Heh. This may possibly make you mad. If one accepts the unconventional premise, conclusions and prescriptions being advanced by Hudson, it should at least be cause for some considerable agitation.
I inadvertently stumbled across Hudson a little while back in his role as a panelist on Max Keiser’s quirky BBC program The Oracle making some very astute observations about the phony “class war” and populist uprising sparked by the now infamous “Santelli rant” on the floor of the CME. On Keiser’s program he maintained that this was simply part of “a well-orchestrated campaign to try to blame the victim” — in other words, a deliberate incitement by the financial establishment initiated to deflect the pent-up anger of solvent taxpayers away from institutional lenders and instead re-direct it at hapless (and yes, sometimes reckless) borrowers who presently find themselves “underwater” and facing foreclosure on properties they couldn’t possibly afford in the first place (“somebody getting something more than them,” as Hudson described these folks, otherwise more generically referred to as the “toxic assets” that collectively have poisoned the pool of global credit).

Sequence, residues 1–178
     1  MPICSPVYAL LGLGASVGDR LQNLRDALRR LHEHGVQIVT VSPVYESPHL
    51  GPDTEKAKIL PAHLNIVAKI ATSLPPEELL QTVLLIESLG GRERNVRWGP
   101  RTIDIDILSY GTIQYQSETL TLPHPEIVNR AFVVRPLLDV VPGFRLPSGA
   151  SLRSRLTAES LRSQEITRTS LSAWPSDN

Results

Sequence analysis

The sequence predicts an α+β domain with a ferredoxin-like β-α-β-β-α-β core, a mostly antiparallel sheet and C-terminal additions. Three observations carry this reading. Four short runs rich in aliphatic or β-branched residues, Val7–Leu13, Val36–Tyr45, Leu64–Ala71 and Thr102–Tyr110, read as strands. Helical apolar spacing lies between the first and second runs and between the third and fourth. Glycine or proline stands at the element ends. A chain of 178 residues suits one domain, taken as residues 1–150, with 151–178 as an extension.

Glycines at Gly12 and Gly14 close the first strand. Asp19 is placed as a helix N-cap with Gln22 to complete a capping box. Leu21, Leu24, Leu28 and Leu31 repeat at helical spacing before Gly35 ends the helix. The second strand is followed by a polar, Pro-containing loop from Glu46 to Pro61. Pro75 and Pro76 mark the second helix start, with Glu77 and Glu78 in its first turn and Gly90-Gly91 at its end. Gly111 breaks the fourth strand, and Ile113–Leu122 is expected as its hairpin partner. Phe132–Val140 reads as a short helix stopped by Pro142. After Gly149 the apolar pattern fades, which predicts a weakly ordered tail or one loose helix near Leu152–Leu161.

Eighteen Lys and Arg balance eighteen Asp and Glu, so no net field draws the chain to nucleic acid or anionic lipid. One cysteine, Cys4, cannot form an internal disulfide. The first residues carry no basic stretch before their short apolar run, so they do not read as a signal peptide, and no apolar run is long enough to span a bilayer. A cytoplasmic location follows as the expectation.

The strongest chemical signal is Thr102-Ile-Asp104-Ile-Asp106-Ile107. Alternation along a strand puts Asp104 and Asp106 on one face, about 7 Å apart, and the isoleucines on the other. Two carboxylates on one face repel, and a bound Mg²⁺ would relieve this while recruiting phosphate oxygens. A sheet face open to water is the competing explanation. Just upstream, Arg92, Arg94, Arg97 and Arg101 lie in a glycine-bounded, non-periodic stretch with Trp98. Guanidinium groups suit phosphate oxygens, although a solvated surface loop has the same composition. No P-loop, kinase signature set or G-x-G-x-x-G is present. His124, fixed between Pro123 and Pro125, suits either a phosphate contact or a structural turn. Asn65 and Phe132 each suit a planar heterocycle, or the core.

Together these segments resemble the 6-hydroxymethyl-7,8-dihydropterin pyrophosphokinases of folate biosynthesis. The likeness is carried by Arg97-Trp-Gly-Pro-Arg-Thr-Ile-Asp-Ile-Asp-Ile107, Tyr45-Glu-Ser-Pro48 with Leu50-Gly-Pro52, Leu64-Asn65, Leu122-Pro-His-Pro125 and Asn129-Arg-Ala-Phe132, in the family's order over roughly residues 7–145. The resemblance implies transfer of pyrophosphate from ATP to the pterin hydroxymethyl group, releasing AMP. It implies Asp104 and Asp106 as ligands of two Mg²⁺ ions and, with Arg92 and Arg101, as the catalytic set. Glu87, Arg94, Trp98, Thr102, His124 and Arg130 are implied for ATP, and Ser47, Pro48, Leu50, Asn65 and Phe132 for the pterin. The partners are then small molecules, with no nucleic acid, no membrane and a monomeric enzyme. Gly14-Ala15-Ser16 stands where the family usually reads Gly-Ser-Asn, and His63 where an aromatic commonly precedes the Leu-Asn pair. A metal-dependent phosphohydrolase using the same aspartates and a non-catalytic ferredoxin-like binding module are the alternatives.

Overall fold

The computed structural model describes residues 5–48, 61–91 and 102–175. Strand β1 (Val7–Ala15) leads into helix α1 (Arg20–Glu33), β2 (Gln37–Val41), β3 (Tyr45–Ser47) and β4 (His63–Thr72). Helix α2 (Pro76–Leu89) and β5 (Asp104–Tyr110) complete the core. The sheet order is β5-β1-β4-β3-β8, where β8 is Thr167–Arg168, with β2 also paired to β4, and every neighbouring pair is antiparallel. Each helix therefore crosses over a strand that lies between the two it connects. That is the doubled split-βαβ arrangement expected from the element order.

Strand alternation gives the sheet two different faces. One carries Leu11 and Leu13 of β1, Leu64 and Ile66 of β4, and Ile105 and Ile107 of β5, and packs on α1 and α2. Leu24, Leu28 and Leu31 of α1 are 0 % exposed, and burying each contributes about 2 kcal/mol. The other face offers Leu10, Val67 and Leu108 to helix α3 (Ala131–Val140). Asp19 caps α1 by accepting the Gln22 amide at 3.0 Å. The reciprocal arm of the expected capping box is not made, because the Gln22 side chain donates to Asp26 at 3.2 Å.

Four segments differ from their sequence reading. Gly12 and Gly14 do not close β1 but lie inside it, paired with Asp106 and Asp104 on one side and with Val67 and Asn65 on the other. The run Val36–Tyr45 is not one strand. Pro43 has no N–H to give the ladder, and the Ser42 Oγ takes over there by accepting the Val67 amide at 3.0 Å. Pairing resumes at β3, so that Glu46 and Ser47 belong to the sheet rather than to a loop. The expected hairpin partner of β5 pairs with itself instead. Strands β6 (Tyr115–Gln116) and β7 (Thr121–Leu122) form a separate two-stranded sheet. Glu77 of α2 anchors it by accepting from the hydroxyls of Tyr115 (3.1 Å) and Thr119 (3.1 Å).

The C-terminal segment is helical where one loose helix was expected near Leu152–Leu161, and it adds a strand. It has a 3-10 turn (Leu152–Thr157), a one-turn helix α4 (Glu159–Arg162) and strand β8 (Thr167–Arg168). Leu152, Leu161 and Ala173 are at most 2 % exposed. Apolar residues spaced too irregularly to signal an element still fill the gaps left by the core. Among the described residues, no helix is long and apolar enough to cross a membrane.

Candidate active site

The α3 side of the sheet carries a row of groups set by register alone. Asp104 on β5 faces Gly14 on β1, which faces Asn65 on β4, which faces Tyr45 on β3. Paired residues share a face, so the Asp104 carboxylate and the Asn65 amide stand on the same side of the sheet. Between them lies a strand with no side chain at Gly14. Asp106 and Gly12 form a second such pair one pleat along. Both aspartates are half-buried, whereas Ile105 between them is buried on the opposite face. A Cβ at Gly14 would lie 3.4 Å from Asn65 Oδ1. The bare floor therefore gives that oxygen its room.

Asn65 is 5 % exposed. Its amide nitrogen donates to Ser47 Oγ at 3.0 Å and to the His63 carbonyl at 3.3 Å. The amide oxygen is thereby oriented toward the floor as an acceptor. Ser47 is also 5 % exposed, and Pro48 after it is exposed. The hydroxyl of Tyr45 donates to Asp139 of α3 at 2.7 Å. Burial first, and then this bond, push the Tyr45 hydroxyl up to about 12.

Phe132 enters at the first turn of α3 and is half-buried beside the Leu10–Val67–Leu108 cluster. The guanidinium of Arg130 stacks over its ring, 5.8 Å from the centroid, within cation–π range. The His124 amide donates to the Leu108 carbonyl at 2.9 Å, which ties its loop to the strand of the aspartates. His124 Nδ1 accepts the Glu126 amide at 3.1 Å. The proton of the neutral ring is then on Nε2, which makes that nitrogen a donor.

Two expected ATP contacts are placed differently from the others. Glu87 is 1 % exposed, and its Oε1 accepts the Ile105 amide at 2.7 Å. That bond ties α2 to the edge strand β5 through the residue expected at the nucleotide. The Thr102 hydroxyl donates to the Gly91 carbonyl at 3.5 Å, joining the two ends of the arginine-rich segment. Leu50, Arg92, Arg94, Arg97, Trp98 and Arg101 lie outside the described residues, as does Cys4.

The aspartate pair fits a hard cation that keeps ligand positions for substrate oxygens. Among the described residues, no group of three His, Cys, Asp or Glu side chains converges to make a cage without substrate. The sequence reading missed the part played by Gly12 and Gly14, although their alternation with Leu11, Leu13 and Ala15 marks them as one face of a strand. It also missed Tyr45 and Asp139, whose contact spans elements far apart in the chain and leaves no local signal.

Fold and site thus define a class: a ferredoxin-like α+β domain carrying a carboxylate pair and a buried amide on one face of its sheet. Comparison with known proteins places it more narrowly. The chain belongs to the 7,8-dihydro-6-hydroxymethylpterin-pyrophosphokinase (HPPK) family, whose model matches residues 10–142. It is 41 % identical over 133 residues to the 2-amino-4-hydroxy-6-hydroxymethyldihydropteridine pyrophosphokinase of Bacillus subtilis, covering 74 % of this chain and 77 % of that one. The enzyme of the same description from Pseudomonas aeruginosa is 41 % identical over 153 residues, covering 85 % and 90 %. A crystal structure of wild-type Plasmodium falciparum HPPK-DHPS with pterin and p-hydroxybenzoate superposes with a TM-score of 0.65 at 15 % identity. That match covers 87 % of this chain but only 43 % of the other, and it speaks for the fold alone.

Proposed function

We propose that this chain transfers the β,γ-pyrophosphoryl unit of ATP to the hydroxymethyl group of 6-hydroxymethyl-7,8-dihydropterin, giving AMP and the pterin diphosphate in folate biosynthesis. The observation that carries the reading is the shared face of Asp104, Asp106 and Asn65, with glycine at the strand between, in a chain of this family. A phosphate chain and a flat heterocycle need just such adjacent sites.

Rob Harvie, a lawyer and libertarian-conservative blogger behind the site “Searching for Liberty” has brought Hudson to our attention again. This time, Hudson employs precedents from the Ancient World to float the concept of widespread debt forgiveness in order to just “wipe the slate clean” and goes on to briefly explain his cynical take on the bail-outs that willfully contradicts the muddled narrative being pedaled by the Obama administration and the corporate media. In Hudson’s view, the politicians are bailing out their real constituents — the creditors, who just happen to be the largest contributors to their political campaigns — leaving witless taxpayers holding the bag and ruining the economy in the process.
It’s food for thought, but for now, I’ve got more real food on my mind… off for some homemade Irish stew and Guinness at da wife’s place.